Graeme Pollock sorry for 'misconstrued' comments

Graeme Pollock (Gallo Images)
Graeme Pollock (Gallo Images)

Cape Town - Proteas legend Graeme Pollock says his comments published last week in which he seemingly lashed out at political meddling in sport were "misconstrued". 

Pollock was criticised heavily on social media after he was quoted as saying that, as long as there was political interference in the national cricket side and they were not putting their best XI players on the field, South Africa would never be the best team in the world. 

Now, a week after the story broke, the 73-year-old Pollock has released a statement in which he apologised for the way in which his comments were interpreted. 

"Speaking from London, Graeme Pollock wishes to convey his heartiest congratulations to Faf (du Plessis) and his team for their excellent Test victory at Trent Bridge. With the series now level at 1 all this sets up the series for a fascinating outcome," a statement, released by Pollock's spokesperson Basil O'Hagan, read.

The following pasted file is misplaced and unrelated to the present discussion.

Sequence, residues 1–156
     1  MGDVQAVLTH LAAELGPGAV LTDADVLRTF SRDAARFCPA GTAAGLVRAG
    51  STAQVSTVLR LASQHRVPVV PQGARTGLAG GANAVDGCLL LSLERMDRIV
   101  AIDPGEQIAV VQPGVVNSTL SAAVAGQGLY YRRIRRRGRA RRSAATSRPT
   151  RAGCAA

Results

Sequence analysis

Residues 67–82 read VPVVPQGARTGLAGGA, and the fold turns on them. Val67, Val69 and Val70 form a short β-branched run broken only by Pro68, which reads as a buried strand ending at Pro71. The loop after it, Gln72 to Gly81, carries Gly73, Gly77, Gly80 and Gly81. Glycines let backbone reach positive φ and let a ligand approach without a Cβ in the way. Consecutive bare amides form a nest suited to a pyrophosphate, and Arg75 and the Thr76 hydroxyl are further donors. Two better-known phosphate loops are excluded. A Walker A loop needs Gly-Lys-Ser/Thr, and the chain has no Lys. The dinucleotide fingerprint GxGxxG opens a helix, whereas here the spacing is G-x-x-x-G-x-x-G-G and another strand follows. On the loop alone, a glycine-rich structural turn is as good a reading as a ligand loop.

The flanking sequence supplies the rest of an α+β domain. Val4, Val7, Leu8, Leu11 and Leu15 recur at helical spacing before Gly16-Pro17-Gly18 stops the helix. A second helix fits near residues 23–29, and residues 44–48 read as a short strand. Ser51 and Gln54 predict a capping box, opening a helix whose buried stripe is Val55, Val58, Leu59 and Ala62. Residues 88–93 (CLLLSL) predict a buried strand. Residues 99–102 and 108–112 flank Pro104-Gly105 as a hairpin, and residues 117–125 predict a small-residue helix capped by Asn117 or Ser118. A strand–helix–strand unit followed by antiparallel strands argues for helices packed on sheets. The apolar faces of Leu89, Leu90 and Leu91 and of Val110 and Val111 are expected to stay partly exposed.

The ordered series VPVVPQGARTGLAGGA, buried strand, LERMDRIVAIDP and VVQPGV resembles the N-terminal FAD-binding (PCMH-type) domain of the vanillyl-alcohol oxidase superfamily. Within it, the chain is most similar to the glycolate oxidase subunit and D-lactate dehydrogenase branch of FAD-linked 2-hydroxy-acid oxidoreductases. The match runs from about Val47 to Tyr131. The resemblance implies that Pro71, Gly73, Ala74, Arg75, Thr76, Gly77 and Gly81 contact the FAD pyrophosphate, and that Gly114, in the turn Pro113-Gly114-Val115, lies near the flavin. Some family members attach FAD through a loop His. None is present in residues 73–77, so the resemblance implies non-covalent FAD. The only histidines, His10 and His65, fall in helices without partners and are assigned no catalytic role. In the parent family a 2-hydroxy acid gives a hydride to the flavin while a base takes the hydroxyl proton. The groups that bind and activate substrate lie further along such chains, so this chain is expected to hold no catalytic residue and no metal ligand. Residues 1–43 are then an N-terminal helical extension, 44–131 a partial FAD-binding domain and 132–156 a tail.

"Graeme also extends his sincerest apologies to CSA Board and the South African cricketing public for the manner in which his comments at a recent function in London were totally misconstrued.

"Graeme fully supports the endeavours of the transformation process as further evidenced in the radio interview he had on July 6 with Jonathan Agnew of BBC's TMS broadcast."

When contacted for comment by Sport24, O'Hagan re-iterated that Pollock was "the last guy who is racist".

O'Hagan made mention of the fact that Pollock was involved in a protest against the South African apartheid government that was organised by Barry Richards and Mike Procter. 

Pollock, along with other players, walked off the field after just one ball was bowled in an exhibition match to take a stand against the apartheid government. 

That protest was centred around players of colour not being picked for national honours and tours abroad - something that Procter, Richard, Pollock and co. were firmly against. 

O'Hagan added that Pollock "many of Pollock's best friends are players of colour" and that he was 'fully for transformation". 

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